• Wound treatment and repair: $800 to $2,500
  • Dog bite wounds: $1,000 to $10,000+
  • One to two days hospitalization: $600 to 1,700
  • Three to five days hospitalization: $1,500 to $3,500
  • Toxin ingestion: $250 to $6,000
  • Urinary tract obstruction: $1,500 to $3,000+

As these figures show, veterinary expenses can be expensive and hit you when you least expect it. For example, an active dog could tear a cruciate ligament jumping or turning awkwardly while playing. If you don't have emergency savings to cover your dog's healthcare or emergency costs, pet insurance may be worth considering. Get a free, personalized quote in minutes.

How much is a vet visit for a dog with insurance?

Depending on your policy, you'll generally pay between 70% and 90% of your dog's covered veterinary expenses. In most cases, you'll pay the veterinarian for their services upfront and receive a reimbursement from your pet insurer — minus the deductible — to help offset the total cost.

According to USA Today, dog insurance costs an average of $45 monthly for accident-only coverage up to a $5,000 annual coverage limit. A slight increase to an average of $55 monthly could be worth it for an accident and illness policy with unlimited coverage. If you file a claim, you'll have to pay a deductible, which can range from $0 to $2,500, but most policyholders choose a $250 deductible.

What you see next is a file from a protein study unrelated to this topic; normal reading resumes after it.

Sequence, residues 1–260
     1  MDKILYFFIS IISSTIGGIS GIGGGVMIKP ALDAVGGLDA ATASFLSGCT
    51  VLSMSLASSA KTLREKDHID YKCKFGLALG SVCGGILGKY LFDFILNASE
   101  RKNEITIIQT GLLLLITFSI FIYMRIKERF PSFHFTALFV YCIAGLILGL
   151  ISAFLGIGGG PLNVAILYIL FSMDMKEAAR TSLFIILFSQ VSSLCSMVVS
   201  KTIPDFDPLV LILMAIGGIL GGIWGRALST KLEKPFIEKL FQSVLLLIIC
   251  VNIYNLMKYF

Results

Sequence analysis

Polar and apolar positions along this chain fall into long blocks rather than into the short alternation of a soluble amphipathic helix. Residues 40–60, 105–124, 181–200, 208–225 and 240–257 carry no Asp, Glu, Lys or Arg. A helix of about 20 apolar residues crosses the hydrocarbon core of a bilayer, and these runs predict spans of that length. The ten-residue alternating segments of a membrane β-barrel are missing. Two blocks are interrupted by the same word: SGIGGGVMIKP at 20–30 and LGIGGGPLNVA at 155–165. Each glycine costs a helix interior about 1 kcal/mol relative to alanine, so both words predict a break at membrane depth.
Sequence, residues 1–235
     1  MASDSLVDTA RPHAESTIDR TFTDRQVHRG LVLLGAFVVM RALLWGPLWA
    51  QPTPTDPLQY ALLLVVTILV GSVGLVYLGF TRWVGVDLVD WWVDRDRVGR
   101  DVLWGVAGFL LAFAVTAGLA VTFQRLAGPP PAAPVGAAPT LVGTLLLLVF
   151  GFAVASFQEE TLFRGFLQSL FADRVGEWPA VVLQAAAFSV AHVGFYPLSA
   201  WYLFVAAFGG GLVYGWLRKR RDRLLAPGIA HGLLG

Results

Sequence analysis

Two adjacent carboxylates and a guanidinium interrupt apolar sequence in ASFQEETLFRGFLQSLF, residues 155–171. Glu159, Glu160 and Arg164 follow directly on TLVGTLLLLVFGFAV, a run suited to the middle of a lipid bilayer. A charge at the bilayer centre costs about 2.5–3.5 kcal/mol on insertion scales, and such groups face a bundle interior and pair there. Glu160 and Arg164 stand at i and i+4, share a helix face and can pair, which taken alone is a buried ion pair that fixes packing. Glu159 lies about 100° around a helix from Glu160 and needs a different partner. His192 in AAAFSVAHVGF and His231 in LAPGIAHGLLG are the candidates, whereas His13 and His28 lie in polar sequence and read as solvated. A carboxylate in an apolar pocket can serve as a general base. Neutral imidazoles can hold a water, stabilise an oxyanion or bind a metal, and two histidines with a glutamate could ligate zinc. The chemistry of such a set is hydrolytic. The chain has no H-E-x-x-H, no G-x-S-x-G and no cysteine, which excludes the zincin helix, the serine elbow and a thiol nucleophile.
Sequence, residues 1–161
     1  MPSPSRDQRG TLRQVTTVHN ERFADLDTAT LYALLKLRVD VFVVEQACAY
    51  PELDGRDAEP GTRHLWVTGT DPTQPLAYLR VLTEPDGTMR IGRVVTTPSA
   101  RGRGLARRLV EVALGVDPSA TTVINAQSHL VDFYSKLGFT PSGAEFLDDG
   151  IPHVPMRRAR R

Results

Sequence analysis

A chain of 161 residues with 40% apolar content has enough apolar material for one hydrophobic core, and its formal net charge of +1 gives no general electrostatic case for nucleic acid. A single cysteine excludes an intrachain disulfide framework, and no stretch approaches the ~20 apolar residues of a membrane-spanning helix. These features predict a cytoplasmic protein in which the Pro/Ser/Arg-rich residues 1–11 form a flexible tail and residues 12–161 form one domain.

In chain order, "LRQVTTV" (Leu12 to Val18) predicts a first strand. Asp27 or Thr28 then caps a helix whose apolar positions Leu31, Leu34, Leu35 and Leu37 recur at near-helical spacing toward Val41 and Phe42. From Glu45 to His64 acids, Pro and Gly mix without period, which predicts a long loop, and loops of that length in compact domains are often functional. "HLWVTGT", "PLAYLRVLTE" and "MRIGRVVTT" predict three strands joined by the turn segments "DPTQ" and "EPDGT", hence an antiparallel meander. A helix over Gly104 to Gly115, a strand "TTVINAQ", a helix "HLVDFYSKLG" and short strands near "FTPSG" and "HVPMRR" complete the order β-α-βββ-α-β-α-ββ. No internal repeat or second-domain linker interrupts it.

Using these figures, let's say your dog must receive treatment for a urinary tract obstruction at $2,250. With an accident-only policy and an 80% reimbursement rate, you'd save $1,800 (80% of $2,250). After factoring in the $250 deductible, your total costs would be $700. In this scenario, veterinary treatment for your dog without insurance would be $2,250, but with insurance, your total cost is $700, representing a $1,550 savings.

Bear in mind that you would pay more out-of-pocket if the veterinary bill exceeded the policy's $5,000 annual coverage limit. Given the high cost of emergency treatment, the unlimited coverage option may be worth the moderately higher monthly cost.